Benjamin, Aaronson, Edinger & Patanzo, P.A.

Freedoms in times of crisis

    While listening to National Public Radio the other day, we heard a commentary on the restrictions of our freedoms in this country.  The focus of the commentary was that in times of crisis, our country has traditionally scaled back Constitutional rights only to have these Constitutional rights restored when the times of crisis were over. 

    The commentator went on to explain that we had the internment of the Japanese during the Second World War as a safety measure.  At the time it was viewed as necessary and in hindsight it is reviewed as being reprehensible.  The commentator talked about the Alien and Sedition Act along with other legislation throughout the country’s history that curtailed rights.  In every instance, the commentator explained do not worry that when the crisis is over the pendulum swings back, freedom is restored and the democracy in America is once again vibrant.

    The commentator failed in one respect in this analysis.  World War Two was going to have an end.  Hopefully we would be the victors, which ultimately was the case, but if not there still would have been finality.  Yet, no government official, political pundit or even man on the street can ever say that the war on terrorism will come to an end.  No, rather most of us must acknowledge that the war on terrorism may be an ongoing fight that is never won or lost, but goes on infinitum.  Should this be the case, does this mean that the freedoms that we are having taken away by the Patriot Act and other legislation will never be restored?  Unfortunately, from our prospective that may be the case.  That is why we sit in fear of where this country is heading.

    The Constitution, and more specifically the First Amendment to the Constitution, speaks of freedom of the press.  However, no place in the Constitution does it define the role of the press.  The way this country has evolved, there really are four branches of the government.  The three, the Judiciary, the Legislature and the Executive Branches all are governmental employees, all are mentioned in the Constitution, and all have specific defined roles.  The fourth branch of government, one that is not been alluded to in the Constitution is the press and mass media.  This unofficial branch of government has as much power as the other three.  It forms public opinion.  It calls our government to task.  It is the watch dog of our country and many times its conscious.  That is why we find this time in our history to even be scarier.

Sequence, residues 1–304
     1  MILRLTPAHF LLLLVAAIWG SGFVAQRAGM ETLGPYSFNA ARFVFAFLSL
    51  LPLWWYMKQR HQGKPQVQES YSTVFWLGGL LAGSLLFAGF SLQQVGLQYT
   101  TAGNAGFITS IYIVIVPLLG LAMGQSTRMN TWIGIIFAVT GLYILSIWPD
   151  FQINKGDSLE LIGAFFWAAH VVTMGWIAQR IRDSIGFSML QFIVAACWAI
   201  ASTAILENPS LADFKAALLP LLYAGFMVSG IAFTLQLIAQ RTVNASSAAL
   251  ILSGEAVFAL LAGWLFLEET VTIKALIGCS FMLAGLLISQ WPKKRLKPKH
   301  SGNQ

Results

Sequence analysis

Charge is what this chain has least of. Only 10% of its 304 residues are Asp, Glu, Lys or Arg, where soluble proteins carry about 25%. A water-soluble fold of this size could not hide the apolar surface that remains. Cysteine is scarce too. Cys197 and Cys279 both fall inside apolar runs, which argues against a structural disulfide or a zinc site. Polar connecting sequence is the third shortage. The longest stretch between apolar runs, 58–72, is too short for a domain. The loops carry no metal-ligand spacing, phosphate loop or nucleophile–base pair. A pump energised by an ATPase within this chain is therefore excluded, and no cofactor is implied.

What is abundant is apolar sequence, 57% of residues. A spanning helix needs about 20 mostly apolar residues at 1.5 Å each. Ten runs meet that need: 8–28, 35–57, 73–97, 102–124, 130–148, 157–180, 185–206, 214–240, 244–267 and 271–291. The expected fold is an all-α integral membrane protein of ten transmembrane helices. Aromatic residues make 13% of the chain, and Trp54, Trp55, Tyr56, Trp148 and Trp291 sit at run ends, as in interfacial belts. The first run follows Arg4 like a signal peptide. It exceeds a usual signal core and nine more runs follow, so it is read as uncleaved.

During the Iraq war, we saw a different war then the rest of the world.  Our press intentionally avoided showing Iraqi deaths.  They intentionally avoided showing the gruesome details of war.  They intentionally made the war more palatable to the masses.  They choose terms such as “war of liberation” and avoided use of the word “invasion”.  Although there were numerous rallies around the country in opposition to the war, they were given short shrift on the news.  In fact, by and large the press became cheerleaders. 

    If there ever was a time in which we needed the press, not to be the voice of opposition, but rather the voice of other opinions it is now.  If ever we needed the press to be vigilant and note the Constitutional rights that are being taken away from us it is now.  If there ever was a time that the First Amendment was needed to truly serve this country is it now.  From our perspective the press seems humbled by this President.  The press seems cowed at fear of being called Pinko Leftist Liberals.  The press seems intimidated not to oppose this President.  The press from our standpoints seems to basically be sitting this one out.

    Only with a vibrant press, one willing to stand up for its freedoms and everyone elses, can we be assured that at some time the pendulum will be swinging back and restoration of rights will occur.  Therefore, if this press lies down for too much longer, who knows what rights they will have left in order to be able to cause that pendulum to swing back in the future.

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